Review by Rosie Holmes
As the 25th anniversary of The Good Friday Agreement draws closer, Under the Black Rock looks back at 1978 Belfast during the height of The Troubles. A large black rock is suspended over the action, metaphorically looming over a community trapped both geographically and emotionally.
Written by Tim Edge, the play opens with 4 people, bags over their heads, setting the scene for what’s to come; an intense and often violent 2 hours. The piece follows a divided family, The Ryan’s. Violent father Cashal has IRA affiliations and has convinced, sweet son, Alan to join him, despite both sister Niamh and mum Sandra’s pleas for him to be kept safe. After Alan is imprisoned, angry at her parents, Niamh too becomes radicalised and we follow her as she transforms from naïve young recruit to a hardened extremist.
The piece covers a lot of ground, from family dynamics to IRA cell meetings and some intensely violent scenes. Whilst individually the scenes are all well delivered, unfortunately the narrative does become somewhat confusing. Even with some background knowledge of The Troubles, it was at times increasingly hard to keep up.
Perhaps with the exception of Evanna Lynch’s Niamh, there is little to engage us with the characters of Edge’s story. Archetypal characters; a violent and drunk father, ruthless thug and a morally ambiguous priest, are introduced with unfortunately little depth. Whilst the cause is at the centre of the show we are never really told what the cause actually is, or our character’s reasons for fighting for their fight, which had been expanded upon would have allowed for a group of more engaging individuals.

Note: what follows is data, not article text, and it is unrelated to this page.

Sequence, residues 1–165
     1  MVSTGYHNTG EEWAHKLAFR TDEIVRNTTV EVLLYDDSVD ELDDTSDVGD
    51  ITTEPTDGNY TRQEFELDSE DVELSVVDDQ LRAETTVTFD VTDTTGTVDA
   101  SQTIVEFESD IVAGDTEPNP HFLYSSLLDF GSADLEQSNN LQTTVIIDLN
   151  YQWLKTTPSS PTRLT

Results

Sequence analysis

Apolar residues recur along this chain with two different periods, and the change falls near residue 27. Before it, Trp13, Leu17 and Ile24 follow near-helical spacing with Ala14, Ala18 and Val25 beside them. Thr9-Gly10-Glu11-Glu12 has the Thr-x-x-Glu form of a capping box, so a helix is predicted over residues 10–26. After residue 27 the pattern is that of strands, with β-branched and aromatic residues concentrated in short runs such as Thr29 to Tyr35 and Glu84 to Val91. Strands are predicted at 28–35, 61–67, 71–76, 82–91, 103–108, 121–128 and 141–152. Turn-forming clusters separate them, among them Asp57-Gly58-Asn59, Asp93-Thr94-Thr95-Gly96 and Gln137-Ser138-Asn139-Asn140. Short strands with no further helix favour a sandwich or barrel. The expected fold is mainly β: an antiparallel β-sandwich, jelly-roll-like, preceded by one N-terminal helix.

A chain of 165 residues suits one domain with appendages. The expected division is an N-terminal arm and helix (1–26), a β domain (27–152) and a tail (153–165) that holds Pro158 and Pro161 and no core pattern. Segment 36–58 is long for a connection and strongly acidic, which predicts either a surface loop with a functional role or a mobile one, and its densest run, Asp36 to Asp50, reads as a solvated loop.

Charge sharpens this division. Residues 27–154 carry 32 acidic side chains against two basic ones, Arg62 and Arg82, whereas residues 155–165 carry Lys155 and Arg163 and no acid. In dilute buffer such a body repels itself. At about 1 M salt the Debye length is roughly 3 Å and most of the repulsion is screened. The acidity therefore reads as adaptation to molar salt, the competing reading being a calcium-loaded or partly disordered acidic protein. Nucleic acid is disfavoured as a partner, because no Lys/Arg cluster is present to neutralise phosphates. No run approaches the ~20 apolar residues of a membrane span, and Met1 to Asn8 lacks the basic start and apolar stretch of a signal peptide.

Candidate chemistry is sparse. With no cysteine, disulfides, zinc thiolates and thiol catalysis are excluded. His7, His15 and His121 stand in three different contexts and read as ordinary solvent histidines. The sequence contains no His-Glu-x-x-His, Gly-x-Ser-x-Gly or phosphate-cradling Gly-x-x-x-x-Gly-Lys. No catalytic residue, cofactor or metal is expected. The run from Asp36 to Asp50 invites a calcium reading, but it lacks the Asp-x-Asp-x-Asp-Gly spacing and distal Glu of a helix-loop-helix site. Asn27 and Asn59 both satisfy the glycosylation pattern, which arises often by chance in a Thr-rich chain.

Evanna Lynch’s Niamh is the only character in the play whose motives we really understand, providing her with a sense of integrity that creates a greater depth to her character. Niamh is fighting for her brother, “the sweetest boy there ever was”, and a conversation at the finale of the play allows us even more understanding of her motives and actions (but I won’t give too much away).
One of the strengths of the play is its often-shocking twists and turns, whilst the first half is occasionally confusing in its narrative, the second half of the play is exciting and keeps us guessing throughout. In fact after one twist was revealed I even gasped in my seat. Again though, a slightly clearer narrative could have made these twists and turns even more effective, as those handled well really do form an exciting story.
Evanna Lynch, most famous for her role as Luna Lovegood in the Harry Potter films, features as Niamh Ryan. Hugely different from her airy role in the popular franchise, Lynch delivers an accomplished performance, poised throughout even as she becomes more and more corroded by the violence around her. Lynch stars alongside scene stealer Flora Montgomery as her mother. Montgomery really shows off her talents in this piece, able to portray both heartbroken mother, as well as composed and fearless cell leader Bridget.